The Keeneland sales have a long and storied history of selling top bloodstock which have made an impact on racing and breeding around the world. Perhaps one of the most influential of these was hip 110, who sold late on the evening of July 25, 1966. The chestnut yearling filly by Traffic Judge was consigned by the Virginia-based breeder Philip Connors and a half-sister to Journalist, winner of the Kentucky Jockey Club Stakes. Her dam, Stolen Hour, by Mr. Busher, was a stakes-placed full-sister to multiple stakes winner and sire Beau Busher and a half sister to the top handicap mare War Date.
Purchased for $25,000 and named Best In Show, the filly won five races from 27 starts over the next two years for Clearview Stable. With earnings of $53,380 and black-type courtesy of a win in the Comely Stakes at Aqueduct, Best In Show was then purchased by Anne Forsythe to begin her broodmare career.
And what a broodmare career she would have. For her first mate, the recently crowned Horse of the Year Buckpasser was chosen. The resulting filly, born in 1970, was purchased by leading breeder E.P. Taylor. While unraced, the mare named Sex Appeal provided the perfect complement to Taylor’s Kentucky Derby winner Northern Dancer. In total she would produce seven foals by this leading sire and another six by his sons.
Two of these colts were the Dewhurst Stakes-winning pair Try My Best and El Gran Senor. The older of the two, Try My Best, was purchased by Robert Sangster at the Keeneland July sale for $185,000 at a time when the Northern Dancer offspring were only averaging $105,000. Named champion two-year-old in England and Ireland under the guidance of Vincent O’Brian, Try My Best was moderately successful at stud but did manage to sire Breeders’ Cup Mile winner and successful Irish sire Last Tycoon.
Full brother El Gran Senor became a dual Classic winner at three for the same connections with wins in the Irish 2,000 Guineas and the Irish Derby. He was the beaten favourite in the Epsom Derby to another Windfields-bred son of Northern Dancer, Secreto, trained by Vincent’s son David. Retired to Coolmore’s American division, Ashford Stud, El Gran Senor became a very good stallion despite being plagued with fertility issues.
Two more brothers have also made an impact in the breeding shed. Compliance, who was stakes-placed in Ireland, is best known as siring the stakes-winning brothers Fourstarsallstar (winner of the Irish 2,000 Guineas) and the Saratoga multiple stakes-winning Fourstardave. Northern Guest, while never setting foot on the racetrack, became a leading sire in South Africa at Mick Goss’s Summerhill Stud.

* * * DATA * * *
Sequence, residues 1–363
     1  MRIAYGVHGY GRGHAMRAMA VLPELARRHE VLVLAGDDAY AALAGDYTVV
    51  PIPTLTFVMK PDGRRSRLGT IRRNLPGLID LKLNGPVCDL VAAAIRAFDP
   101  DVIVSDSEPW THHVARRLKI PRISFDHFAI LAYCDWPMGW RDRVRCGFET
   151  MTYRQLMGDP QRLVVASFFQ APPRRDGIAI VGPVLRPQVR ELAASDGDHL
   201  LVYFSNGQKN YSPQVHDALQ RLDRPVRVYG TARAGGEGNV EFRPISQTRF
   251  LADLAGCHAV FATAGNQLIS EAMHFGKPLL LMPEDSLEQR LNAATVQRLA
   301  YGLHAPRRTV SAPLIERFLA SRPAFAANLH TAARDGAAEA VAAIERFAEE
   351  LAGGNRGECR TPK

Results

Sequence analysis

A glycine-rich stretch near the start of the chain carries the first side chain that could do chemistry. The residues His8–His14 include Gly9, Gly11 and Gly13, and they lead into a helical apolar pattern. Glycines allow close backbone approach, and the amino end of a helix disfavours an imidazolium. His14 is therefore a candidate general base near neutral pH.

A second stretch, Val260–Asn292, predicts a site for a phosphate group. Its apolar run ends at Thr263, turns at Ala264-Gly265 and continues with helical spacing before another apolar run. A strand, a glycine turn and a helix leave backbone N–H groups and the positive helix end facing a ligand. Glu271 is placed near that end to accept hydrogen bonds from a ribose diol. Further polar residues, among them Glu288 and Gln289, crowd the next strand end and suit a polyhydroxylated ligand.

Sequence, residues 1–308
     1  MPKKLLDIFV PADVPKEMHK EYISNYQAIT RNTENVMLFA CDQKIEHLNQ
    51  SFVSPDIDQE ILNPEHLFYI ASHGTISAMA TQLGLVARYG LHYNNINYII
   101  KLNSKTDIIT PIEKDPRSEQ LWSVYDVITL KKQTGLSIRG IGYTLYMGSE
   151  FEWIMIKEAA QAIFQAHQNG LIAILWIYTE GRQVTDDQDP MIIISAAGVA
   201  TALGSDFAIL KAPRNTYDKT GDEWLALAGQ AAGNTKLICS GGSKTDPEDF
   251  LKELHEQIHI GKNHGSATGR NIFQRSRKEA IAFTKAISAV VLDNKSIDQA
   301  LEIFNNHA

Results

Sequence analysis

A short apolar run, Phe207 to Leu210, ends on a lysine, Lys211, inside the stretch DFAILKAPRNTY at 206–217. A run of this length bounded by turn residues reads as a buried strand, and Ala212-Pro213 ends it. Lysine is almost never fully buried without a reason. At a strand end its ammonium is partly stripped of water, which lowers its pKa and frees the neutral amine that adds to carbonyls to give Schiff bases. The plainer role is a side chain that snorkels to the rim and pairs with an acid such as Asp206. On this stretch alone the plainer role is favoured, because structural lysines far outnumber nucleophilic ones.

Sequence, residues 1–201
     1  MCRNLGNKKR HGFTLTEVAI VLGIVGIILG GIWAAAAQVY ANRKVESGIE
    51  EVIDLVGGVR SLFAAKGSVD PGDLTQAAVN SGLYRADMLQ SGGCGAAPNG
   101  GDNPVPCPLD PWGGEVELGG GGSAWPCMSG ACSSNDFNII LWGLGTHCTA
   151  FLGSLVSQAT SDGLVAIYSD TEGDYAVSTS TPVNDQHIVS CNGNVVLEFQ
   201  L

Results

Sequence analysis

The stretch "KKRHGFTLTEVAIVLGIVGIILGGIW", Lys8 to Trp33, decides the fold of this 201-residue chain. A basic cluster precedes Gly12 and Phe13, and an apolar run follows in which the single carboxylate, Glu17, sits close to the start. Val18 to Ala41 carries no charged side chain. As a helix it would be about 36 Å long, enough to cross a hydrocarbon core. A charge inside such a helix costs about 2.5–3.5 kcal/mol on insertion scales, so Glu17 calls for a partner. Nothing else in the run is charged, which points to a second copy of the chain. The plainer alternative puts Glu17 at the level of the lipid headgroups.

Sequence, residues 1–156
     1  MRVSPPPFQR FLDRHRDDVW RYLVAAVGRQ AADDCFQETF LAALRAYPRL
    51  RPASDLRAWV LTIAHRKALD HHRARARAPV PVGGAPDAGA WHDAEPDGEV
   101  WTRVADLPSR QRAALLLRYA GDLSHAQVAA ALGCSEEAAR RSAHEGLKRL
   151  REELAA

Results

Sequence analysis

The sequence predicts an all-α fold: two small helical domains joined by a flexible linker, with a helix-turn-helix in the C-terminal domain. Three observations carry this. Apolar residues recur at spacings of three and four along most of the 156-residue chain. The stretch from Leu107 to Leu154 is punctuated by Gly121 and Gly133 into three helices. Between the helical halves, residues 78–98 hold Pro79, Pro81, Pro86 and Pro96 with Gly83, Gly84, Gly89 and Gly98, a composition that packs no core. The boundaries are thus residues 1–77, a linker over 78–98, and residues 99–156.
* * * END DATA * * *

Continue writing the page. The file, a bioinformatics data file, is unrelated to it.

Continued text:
Three full sisters to the above-named colts also left their mark on the industry as antecedents of Group 1 winners across the globe.
Golden Oriole, who had only one win from five starts, was a test of patience for her owners, as it was not until when her fifth foal, Devonwood, ran third in the Lawrence Realization Handicap that black-type would appear on her produce record. Her tenth foal, however, would become a top two-year-old. By Gone West, Castle Gandolfo raced in the colours of Susan Magnier, winning a Group 3 in Ireland at two before running second in both the Racing Post Trophy and the Criterium de Saint-Cloud. Retired to stud in Kentucky at Walmac International, Castle Gandolfo unfortunately died on his first shuttle trip to Chile.
Another daughter of Golden Oriole, Dance Fever (Fusaichi Pegasus), produced the Group 1-winning filly Estrella Monarchos in Brazil.
Bella Senora, the year-younger sister to Golden Oriole, is the second dam of Domedriver, winner of the 2002 Breeders’ Cup Mile for the Niarchos family. This powerful breeding operation would have further success with this family in the form of 2019 Prix Marcel Boussac winner Albigna.
Northern Prancer was the oldest of the Northern Dancer mares from Sex Appeal. She produced little in the way of runners but does appear as the third dam of $1.2 million earner Chinchon, a horse that won the United Nations Handicap at Monmouth Park and the Singapore Airlines International Cup. As a son of Marju, he also has the distinction of being inbred 3×3 to the full siblings Try My Best and Northern Prancer.